I haven't had any problems with wxPython, and it should be pretty simple
straight through. I do think limiting the stage 3 to X11 is kind of
presumptuious though. My Blade 100 doesn't have a monitor hooked up, so
an X11 install would in fact limit me to a Stage 2 or 1 install.
Anyway, once we get the CLI part, we should be able to design a decent
gui around it.
I want to start a thread on what a gui/cli package manager should do,
what info to present, etc.
Jeff Rose wrote:
>Alright, we are narrowing in. I think starting with a CLI installer makes
>sense because it will allow us to work on the true installation issues
>rather than getting bogged down in gui code. Lets use python. That will
>let us to use both Cursing Cow and Anaconda as great resources for just
>about every step of the installation. Once we feel like everything runs
>smoothly on a variety of boxes then we can work on putting a gui on top.
>(I think wxPython is the best solution. Its clean, quick and extensive.
>We could even use a gui builder to quickly experiment with a variety of
>interface options.) Anyway, that is for later.
> Building the installer as a set of install/configuration modules
>is a great idea. Lets start with defining those modules, and then we can
>work on common code etc. before digging in.
> I propose that we break this whole idea into 3 main sections.
>(Note: This has nothing to do with the stage1,2,3 tarballs.)
>First, we need the basic gentoo installation:
>- partitioning and file systems (RAID support? SCSI cards?)
>- nic detection and module loading (Pretty much complete?)
>- dns, routing, firewall stuff
>- date & time
>- keyboard, mouse, language
>- cpu detection and compiler flags
>- mounting partitions and getting stage tarball setup
>- password & hostname
>- bootloader setup (interfaces to lilo and/or grub)
> Once the basic system is installed we move into part 2,
>initial Portage system installation and configuration:
>- Portage tree sync
>- Setting use flags
>- Kernel configuration
> Now we have a basic system installed. We can reboot into our new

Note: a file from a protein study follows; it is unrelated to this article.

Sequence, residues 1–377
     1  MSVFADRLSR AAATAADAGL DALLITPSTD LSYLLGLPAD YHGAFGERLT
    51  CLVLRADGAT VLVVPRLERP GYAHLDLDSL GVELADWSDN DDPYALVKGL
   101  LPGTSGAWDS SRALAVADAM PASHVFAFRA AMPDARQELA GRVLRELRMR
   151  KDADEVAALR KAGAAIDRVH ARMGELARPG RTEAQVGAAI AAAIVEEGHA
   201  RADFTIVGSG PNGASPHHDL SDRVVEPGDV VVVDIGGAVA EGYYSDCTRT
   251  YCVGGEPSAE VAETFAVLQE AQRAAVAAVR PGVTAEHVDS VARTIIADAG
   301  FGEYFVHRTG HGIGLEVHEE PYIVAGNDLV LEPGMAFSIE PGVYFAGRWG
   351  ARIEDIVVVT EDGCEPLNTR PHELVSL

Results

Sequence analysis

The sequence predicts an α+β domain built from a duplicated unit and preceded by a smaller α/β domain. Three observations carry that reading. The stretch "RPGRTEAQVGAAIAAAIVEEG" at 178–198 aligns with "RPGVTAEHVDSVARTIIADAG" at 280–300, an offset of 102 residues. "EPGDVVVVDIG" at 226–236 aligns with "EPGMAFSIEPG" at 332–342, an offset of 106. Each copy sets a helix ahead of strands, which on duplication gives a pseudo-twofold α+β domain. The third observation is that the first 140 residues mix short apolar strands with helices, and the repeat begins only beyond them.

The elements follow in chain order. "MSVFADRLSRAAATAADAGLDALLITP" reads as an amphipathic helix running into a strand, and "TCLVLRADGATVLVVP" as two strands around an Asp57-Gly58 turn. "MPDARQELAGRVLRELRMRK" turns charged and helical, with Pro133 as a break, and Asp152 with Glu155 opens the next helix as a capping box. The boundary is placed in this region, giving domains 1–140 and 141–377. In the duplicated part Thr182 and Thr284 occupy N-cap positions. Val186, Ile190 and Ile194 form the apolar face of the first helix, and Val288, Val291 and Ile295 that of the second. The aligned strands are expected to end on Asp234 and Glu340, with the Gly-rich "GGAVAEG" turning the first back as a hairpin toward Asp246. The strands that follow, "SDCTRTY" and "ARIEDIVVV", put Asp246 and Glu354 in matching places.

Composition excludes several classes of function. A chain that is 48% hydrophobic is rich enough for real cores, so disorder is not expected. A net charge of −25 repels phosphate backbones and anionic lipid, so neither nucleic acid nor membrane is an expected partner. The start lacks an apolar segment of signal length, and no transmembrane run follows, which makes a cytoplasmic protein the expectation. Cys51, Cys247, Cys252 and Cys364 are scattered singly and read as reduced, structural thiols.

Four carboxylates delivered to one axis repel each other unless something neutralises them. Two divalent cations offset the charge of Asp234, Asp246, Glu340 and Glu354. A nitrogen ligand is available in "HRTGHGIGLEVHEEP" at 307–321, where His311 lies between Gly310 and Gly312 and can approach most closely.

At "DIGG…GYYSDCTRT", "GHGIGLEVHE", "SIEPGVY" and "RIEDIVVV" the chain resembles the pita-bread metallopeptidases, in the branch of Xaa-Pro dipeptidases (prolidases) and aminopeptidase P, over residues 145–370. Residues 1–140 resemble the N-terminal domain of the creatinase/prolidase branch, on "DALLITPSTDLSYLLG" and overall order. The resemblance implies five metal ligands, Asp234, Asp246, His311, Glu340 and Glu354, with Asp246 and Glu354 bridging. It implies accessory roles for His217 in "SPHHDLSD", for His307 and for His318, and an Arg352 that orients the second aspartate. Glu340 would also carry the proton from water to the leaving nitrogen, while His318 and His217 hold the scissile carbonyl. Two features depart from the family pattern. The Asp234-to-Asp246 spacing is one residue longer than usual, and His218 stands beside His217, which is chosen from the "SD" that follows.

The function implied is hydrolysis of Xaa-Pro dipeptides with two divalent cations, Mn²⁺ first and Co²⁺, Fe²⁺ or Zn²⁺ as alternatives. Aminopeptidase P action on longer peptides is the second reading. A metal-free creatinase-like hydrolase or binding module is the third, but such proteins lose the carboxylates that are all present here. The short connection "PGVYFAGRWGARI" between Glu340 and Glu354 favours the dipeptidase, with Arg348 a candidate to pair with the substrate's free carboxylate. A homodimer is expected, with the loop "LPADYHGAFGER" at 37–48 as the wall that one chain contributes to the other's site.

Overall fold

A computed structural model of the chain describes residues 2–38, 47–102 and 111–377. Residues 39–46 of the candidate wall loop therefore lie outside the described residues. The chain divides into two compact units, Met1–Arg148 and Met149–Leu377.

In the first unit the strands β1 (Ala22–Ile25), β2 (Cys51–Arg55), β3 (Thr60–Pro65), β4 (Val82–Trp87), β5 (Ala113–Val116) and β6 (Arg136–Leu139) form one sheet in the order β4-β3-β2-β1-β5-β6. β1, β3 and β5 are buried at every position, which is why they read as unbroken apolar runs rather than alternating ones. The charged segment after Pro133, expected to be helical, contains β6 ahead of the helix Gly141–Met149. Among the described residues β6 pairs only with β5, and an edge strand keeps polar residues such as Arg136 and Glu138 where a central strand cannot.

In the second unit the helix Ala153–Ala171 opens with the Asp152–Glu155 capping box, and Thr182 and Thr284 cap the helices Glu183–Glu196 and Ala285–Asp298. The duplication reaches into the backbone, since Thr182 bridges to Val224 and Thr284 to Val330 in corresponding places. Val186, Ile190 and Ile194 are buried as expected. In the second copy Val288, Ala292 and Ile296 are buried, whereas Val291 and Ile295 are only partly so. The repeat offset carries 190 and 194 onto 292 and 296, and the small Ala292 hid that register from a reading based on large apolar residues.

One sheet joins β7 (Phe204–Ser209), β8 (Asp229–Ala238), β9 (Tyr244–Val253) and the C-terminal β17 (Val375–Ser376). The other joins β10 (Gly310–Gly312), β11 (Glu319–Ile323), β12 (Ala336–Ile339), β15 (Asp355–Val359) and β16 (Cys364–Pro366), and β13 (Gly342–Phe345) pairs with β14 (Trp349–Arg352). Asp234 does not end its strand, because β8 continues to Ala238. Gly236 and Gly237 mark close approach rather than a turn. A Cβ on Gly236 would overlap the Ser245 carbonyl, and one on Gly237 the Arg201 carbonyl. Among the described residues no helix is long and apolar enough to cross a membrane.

>kernel and start the final, most difficult, stage of installation: package
>selection. Rather than just copying everyone else and making large lists,
>lets try to make this more intuitive. Maybe we could have a few bundles
>that people can select to get rolling quickly, but full control should
>still given to the user. Personally, I would rather just get a
>working gnome/kde installation and then use a gui selection tool rather
>than some clunky ncurses thing. Maybe we could have a very lightweight
>CLI manager that lets you select gnome, kde or just cli. If they use
>gnome or kde then we give them a slick gui manager once X starts up. If
>they use cli then they are probably setting up a server and they can deal
>with using emerge as is.
> After looking through a bunch of code I agree we should really try
>to use a lot of the existing stuff to get things started. The LiveCD
>pretty much does all the very initial stuff. After that we can use the
>cursing cow work to put together the install stage1 and part of stage2.
>For stage 3, I think we should build a python gui (wxPython?) that doesn't
>use kde or gnome specifically. This is where a lot of the experimentation
>will need to go.
>Whooh... What do you say? I'll be graduating in a month so I won't be
>able to work a whole lot until the summer begins, but I think we should
>try to refine this idea/design a lot before diving in and hacking out
>something that just works.
> On Sun, 13 Apr 2003, Alain Penders wrote:
>>The main installer that was being worked on is Cursing Cow. Both developers
>>that were working on it recently left Gentoo, however.
>>If someone wanted to continue it's development, we probably can get the
>>information needed from them. From what I know, it's in pretty good
>>condition... part of it needed to be rewritten, but nothing major.
>>There's at least one (I think two) other installers in CVS, but I have no idea
>>on their status or where they were left at.
>>Building a good installer goes beyond installing Gentoo. For example, if the
>>installer has a module to configure networking, that module should be written
>>so that it works in the installer, but also in an after-install system
>>configuration tool. Installers also need to be able to handle updates or
>>"corrective installs", which means integration with configuration file
>>On Fri, Apr 11, 2003 at 05:04:10PM -0600, Jeff Rose wrote:
>>> I'm pretty new to gentoo, but I am an instant convert. Just a
>>>few months of emerge bliss and now I'm an avid supporter. Anyway, I'm
>>>thinking about starting a summer project and I'm pondering the idea of a
>>>gui installer. I've been looking around a bit and it doesn't look like
>>>anyone is working on one. Is that true? If there isn't already a project
>>>then I think I'll give it a whirl. I know, I know, gentoo is so great
>>>because it allows you to customize and tweak the hell out of everything.
>>>That is completely true. So, an installer would have to allow just as
>>>much but it could take care of the mundane details for those who aren't
>>>interested or knowledgable enough.
>>> I haven't been around to see what people discuss in terms of the
>>>installer so I'm sorry if this is all stuff that you have gone over
>>>hundreds of times. Even more minimal than a gui installer, have you
>>>thought about adding more scripts to do the standard directory setup,
>>>download, chroot... type of stuff?
>>> What do you think?
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